Daphne Lameris

How to decide what to focus on?

Hi everyone,

My question is how did you decide what to focus on? There are so many possibilities and specializations (character creation, product creation, photo realistic rendering, architecture, environments) and I think they are all awesome so now I'm stuck. There is too much to learn to do it all so I want to specialize. So I would like to know, how did you decide what to do with CG?

My background: I studied Industrial Design Engineering and during my bachelor I fell in love with 3D printing, so I focused my master on this. I opened my 3D printed jewelry webshop in 2011 and have been designing jewelry as a hobby every since. As you can imagine, after 7 years I have a quite the jewelry box. Cool, but it might be time for the next challenge. I started working at Shapeways (3D prining company, see one of the recent blogpost) in 2014 and since then have seen an endless stream of awesome, unique and sometimes weird 3D printed products. Which is super inspiring but also a little bit demotivating, because how am I ever going to compete with 3D printed armor (Lumecluster/Melissa Ng) or automatically perfectly fitting dresses (Nervous Systems)? 

I started learning Blender around 7 months ago (tried it before, but the switch with other software was just too big) with the tutorials from Blender Guru. He's great but has a big focus on photo-realistic rendering and architecture, something I was really not familiar with. It inspired me to create a few renders that are now hanging on my walls. I subscribed to CGCookie to improve my modelling skills. I love the wide range of courses. However I do not have the time to follow them all. 

So I'm stuck between a few directions that I could go:

  • Keep on modelling and printing. Make more realistic jewelry even faster. 
  • Create renders and art. Draw and model environments and landscapes.
  • Learn how to make good characters which can also be 3D printed
  • Go code! Learn how to use python to generate customized or fitting jewelry or part of whetever (the nervous systems way)
I don't expect someone else to have the answer to what I should do, but I would love to hear your story. How did you decide?
  • crew

    Why not try them all? Focus is always something that everyone needs to work on. I myself always have a ton of ideas and things I want to pursue, but by trying to do them all at once I'll stretch myself thin and end up doing a poor job. You can still pursue it all, you just need to dedicate time and effort to each to determine what you'll want to pursue further.

    John Lee Dumas has a great acronym for FOCUS which is Follow One Course Until Success. Start with something that really excites you, regardless of the effort it takes to build. Don't do anything just because someone else says you should, instead pursue your curiosity. I find that building a project tends to yield the best results. Find ONE thing that you're really interested in learning about or becoming better at and build a project around it. Once you feel you've "quenched" yourself with that move on to something new.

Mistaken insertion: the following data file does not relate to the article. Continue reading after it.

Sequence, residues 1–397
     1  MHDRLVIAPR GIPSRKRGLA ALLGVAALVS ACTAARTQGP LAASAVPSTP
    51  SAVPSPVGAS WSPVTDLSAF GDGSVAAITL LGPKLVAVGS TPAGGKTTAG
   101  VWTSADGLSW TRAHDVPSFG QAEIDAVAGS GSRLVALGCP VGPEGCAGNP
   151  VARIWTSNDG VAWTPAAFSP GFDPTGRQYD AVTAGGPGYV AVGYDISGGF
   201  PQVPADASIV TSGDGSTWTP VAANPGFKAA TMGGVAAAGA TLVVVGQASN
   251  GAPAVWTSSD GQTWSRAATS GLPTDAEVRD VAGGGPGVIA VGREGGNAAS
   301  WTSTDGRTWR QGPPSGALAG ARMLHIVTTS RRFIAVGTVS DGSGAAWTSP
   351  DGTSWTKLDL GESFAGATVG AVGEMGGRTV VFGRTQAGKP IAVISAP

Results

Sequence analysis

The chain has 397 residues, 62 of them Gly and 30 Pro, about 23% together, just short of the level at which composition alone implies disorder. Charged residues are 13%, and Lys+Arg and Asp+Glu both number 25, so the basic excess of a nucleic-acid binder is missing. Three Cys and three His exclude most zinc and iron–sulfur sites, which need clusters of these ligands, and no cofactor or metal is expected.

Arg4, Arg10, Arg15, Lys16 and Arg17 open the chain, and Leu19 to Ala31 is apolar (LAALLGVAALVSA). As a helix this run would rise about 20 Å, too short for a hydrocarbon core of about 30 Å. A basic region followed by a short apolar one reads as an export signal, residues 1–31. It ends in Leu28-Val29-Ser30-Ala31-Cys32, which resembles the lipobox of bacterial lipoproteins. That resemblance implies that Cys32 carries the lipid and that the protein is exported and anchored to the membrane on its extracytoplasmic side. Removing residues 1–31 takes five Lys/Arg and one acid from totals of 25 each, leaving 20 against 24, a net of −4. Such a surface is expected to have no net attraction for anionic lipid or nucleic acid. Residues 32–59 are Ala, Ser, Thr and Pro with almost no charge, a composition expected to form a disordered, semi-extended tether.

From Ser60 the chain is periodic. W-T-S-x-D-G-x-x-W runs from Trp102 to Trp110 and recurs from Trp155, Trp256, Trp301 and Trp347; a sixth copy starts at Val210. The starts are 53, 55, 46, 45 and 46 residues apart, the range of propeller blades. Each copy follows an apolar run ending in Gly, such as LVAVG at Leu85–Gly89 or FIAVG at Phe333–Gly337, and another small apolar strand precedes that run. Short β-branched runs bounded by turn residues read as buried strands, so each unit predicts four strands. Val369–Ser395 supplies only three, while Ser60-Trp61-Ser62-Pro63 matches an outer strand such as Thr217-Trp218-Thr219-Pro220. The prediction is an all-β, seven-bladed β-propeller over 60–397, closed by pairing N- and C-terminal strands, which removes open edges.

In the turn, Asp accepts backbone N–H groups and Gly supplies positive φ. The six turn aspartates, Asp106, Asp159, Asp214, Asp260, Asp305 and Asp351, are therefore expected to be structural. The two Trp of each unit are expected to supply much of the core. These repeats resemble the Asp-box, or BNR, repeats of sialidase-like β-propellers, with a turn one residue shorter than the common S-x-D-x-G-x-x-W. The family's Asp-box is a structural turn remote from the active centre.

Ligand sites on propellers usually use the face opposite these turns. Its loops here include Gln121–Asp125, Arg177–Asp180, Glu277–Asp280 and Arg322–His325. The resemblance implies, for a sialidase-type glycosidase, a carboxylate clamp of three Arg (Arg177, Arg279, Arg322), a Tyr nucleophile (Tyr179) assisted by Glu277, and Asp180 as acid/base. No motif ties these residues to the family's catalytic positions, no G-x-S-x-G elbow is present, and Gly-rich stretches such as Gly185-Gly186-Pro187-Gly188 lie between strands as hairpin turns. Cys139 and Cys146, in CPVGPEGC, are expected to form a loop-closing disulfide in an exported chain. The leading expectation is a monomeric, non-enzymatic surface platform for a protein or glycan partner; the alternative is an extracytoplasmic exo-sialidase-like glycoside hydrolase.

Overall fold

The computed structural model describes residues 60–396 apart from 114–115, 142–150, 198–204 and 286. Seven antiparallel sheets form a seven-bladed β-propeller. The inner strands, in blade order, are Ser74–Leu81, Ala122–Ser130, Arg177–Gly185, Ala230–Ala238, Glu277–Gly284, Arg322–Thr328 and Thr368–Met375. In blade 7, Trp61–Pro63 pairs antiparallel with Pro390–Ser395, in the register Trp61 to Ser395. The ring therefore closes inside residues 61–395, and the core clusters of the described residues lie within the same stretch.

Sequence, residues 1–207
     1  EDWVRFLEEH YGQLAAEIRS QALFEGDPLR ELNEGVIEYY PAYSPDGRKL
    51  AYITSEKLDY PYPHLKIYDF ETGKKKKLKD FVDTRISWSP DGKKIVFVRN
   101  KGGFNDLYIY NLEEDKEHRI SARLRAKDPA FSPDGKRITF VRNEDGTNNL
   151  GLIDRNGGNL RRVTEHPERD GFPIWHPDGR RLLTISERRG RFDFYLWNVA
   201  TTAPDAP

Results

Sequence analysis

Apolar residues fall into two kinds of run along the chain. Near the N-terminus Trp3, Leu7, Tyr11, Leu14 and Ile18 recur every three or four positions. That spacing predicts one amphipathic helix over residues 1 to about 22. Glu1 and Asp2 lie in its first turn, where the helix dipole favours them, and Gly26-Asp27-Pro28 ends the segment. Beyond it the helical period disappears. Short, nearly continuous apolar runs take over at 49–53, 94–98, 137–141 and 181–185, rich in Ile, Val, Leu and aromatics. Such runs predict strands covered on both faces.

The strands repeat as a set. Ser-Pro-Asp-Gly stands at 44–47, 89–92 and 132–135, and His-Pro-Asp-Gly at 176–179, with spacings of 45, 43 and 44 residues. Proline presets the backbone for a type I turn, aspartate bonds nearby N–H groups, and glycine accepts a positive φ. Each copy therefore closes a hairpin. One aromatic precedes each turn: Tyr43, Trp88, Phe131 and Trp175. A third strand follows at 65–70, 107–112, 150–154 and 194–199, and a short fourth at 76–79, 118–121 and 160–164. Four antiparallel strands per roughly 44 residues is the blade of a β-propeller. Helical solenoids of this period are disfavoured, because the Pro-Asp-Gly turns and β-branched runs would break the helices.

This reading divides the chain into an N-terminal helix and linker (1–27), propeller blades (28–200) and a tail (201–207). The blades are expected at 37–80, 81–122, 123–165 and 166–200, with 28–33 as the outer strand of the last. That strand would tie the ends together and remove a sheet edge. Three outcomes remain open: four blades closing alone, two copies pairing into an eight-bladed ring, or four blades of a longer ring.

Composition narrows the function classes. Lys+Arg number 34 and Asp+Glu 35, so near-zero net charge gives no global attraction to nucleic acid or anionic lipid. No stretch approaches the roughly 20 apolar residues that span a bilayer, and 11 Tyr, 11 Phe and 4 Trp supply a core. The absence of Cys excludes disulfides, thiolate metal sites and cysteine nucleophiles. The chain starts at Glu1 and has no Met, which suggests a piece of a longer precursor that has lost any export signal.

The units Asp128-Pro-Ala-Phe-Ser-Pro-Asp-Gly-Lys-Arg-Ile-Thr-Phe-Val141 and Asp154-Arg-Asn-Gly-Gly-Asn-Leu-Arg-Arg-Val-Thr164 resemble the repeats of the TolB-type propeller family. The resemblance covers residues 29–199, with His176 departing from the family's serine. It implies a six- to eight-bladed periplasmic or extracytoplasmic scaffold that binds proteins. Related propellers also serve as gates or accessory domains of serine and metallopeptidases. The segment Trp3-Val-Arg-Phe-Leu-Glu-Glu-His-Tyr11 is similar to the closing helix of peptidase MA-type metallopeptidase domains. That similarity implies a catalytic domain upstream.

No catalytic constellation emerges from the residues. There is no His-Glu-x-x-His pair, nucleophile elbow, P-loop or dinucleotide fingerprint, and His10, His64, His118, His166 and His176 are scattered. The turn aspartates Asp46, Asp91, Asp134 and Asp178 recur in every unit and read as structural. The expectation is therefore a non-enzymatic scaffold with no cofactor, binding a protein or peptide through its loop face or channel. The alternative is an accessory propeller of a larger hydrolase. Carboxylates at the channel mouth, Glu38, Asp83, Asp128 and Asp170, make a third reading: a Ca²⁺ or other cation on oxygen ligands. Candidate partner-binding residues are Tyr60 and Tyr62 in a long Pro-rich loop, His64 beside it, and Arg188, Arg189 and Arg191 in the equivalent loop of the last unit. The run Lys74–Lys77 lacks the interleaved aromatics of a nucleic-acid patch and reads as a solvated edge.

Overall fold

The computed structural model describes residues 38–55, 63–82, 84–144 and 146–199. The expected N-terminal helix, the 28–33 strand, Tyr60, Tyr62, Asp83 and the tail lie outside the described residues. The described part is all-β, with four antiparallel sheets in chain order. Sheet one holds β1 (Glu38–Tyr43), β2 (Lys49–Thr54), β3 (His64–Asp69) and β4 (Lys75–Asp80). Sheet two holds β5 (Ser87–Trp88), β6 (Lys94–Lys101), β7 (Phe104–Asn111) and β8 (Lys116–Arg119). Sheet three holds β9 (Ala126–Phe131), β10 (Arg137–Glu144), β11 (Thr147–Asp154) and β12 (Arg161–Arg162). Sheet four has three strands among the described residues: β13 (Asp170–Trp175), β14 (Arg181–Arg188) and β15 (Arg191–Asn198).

• crew

    Great question, finding what to focus on can definitely be a challenge. It's like blank canvas syndrome in a way, where there are so many possibilities that it can be difficult to get started on any one in particular. I decided by finding which core skill would open up the most possibilities for me in the future. 

    If you're still passionate about 3D printing, improving your modeling sounds like the best way to go since it's the main foundational skill that will then in turn allow you to create realistic renders, make characters to print, and create more complex jewelry designs all at the same time. Focusing on that one area will allow you to easily expand into any other domain of 3D later on, and whichever path you choose you'll be better off for it.

    I'd encourage you to continue branching out from jewelry like you've already been doing. Characters, environments, anything that interests you. Even if jewelry design is your end goal, messing around with other topics will stretch you in new ways and give you fresh ideas for how to approach your designs. You don't have to become a master in these other areas, but do give them a shot. It's less about the subject and more about refining the core skill. 3D modeling is all about problem solving, so experimenting in these other areas will help you solve problems you might not even know you have yet. Plus, you'll be able to practice your lighting and texturing as you complete each project, which in turn could help you advertise your jewelry in new ways. 

    Learning to code also sounds like it would be good for you, but from looking at your portfolio I think continuing modeling would be best. You're off to a wonderful start but haven't hit the limitations yet where coding would be most helpful. 

    That's all opinion of course, but hopefully it helps. 

  • Hello Daphne,
    "When one's Head is overloaded with information, the Heart is the place to go, when looking for inner guidance"

    So to find your own unique answers, let the Head take a break from it all and look inwards, to the Heart spark that got your ignited/fired up going into CGI. Reading in between your lines, it looks like you are experiencing the "7 year itch" in the relation to your once chosen path with the 3D printed jewelry webshop.... which means in my book that you are realy to evolve up, into something higher .. something more expressive from within, something more personal.
    The fact that you are already doubting about "... competing with 3D printing armor of automatically fitting dresses" is a sign to me.

    Here are some reactions / tips from me:
    Getting stuck between:
    - Keep modeling and printing........... while drain your enthousiasm and creativity, since you already know this tricks.
    - Create renders and art............... this could tickle your right-brain more, go for it...
    - Draw and model environments.......... Why not, give it a go...
    - Learn how to make good characters.... This is something HIGHER then your current level-of-expression.
    - Go Code. learn how to use python..... This is ALWAYS handy to customize/extend Blender

    SOME TIPS:
    A - DECIDE / DESIGN WITH THE END IN MIND:
    What is your OWN LONG TERM goal that you want to use Blender as a tool for?
    Once you got that goal clear, everything falls in line to that original desire and making choices gets easier along the way.

    B - CHOOSE SOME PLAY PROJECTS ALONG THE WAY
    Allow yourself some playtime while learning Blender. After all it can not all be serious.